As You Wish: Inconceivable Tales from the Making of The Princess Bride by Cary Elwes with Joe Layden

21412202The first movie I can remember watching is The Princess Bride. I’m sure there were Disney movies before that, but this is the first movie I have a clear memory of watching. My family would always spend a week on the Outer Banks with another family (the parents were my parents best friends from college) and one evening, they put in the VHS tape of The Princess Bride. I know I didn’t get all the jokes, but it was fast and funny with all the things that Peter Falk describes at the beginning – “fencing, fighting, torture, revenge, giants, monsters, chases, escapes, true love, miracles…” I also, of course, had a huge crush on Westley!

That was the first of MANY, MANY viewings. So, when I saw that Cary Elwes was coming to the Castro Theatre in 2015 for a Quote-Along screening of the film, followed by a Q&A and book signing, I knew we had to be there. The screening itself was hilarious. It was so fun to be with 3000 other people who know all the words and enjoy being dorks about it. My dad even got an inflatable sword to wave about when they start fighting. The Q&A highlighted a few of the anecdotes from the book, but the best part was getting my copy of the book signed by the man himself. I can’t recall what I might have said (if anything at all), but I DO remember that his eyes were incredible! I was giddy the whole way home, having met my first crush and not embarrassing myself (for once).

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Meeting Westley in person

Oh right, the book! I don’t know why it took me so long to actually finish this book as it’s a delightful read. Elwes is self-deprecating about his own part in things, while heaping glowing praise on his co-stars. It’s a lovefest all around, as his co-stars also contribute anecdotes related to each chapter. I loved the behind the scenes photos and all of his stories about Andre the Giant. I also hadn’t realized all the work that went into the sword fight as well as how extended it became at the last minute. Elwes is good-natured about how the movie is entwined with his legacy, which is always nice to read, since some actors get tetchy about associated with one role, no matter how long ago it was.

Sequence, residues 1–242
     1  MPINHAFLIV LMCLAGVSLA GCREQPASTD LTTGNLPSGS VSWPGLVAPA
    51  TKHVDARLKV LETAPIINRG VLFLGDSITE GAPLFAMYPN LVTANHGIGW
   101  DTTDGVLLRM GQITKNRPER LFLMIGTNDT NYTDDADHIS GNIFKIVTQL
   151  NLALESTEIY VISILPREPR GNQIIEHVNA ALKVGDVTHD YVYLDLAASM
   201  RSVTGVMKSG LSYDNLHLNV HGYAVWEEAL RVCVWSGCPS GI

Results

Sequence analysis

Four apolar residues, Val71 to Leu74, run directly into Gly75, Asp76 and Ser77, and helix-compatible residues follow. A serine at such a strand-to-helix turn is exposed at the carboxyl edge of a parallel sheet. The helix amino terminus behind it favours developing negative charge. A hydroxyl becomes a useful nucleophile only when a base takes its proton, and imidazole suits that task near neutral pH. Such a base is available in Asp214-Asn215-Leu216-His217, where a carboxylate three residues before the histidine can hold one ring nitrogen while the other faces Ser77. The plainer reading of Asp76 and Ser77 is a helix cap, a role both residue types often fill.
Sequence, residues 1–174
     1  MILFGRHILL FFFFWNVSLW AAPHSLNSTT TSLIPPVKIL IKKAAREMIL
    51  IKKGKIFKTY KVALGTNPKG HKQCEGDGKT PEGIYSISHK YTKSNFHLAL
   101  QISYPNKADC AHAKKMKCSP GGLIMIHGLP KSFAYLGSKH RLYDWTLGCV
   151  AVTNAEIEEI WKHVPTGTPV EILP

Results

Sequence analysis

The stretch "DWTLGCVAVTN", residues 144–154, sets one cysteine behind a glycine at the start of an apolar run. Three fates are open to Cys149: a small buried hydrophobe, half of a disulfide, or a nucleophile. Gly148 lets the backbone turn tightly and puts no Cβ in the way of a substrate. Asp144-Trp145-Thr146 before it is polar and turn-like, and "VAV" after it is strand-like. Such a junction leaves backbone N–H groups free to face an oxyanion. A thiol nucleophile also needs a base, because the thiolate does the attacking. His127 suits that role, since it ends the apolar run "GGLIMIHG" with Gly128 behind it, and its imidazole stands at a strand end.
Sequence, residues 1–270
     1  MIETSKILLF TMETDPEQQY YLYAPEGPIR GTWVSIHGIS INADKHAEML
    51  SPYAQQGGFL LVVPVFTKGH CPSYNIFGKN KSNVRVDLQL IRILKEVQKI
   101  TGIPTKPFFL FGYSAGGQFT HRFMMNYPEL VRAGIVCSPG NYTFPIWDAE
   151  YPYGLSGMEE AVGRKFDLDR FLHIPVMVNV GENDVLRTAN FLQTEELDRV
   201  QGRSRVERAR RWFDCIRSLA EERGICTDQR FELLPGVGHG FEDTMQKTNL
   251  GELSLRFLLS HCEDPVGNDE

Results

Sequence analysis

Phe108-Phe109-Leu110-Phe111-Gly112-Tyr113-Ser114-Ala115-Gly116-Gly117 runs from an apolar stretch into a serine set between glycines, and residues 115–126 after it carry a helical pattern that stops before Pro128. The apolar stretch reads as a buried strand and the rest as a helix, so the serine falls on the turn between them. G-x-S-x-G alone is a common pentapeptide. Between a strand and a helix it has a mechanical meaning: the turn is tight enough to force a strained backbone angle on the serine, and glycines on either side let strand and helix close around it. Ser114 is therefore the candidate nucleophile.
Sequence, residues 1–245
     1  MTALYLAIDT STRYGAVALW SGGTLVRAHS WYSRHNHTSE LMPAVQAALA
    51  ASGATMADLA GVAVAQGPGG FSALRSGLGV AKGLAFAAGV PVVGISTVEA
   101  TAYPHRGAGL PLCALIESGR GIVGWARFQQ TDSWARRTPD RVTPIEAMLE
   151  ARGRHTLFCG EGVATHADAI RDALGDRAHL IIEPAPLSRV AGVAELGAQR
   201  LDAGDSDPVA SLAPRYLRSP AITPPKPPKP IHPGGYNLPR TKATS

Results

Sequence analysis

My only quibble with the book is that the anecdotes from his cast members are presented in boxes along with the main text, so it’s hard to figure out when the read them without losing the story that Elwes is telling. I’m sure there’s a good reason for the publisher doing this, but it was rather distracting. However, the book has further enhanced my enjoyment of the movie (which was on cable this week) as I watch for all the little things he mentioned. Knowing that he really was knocked unconscious after the Fire Swamp put that scene a whole new light! But I don’t want to give away anymore – you should really just read the book because it’s excellent, and then watch the movie because it’s excellent.

“Yes, you’re very smart. Shut up.”

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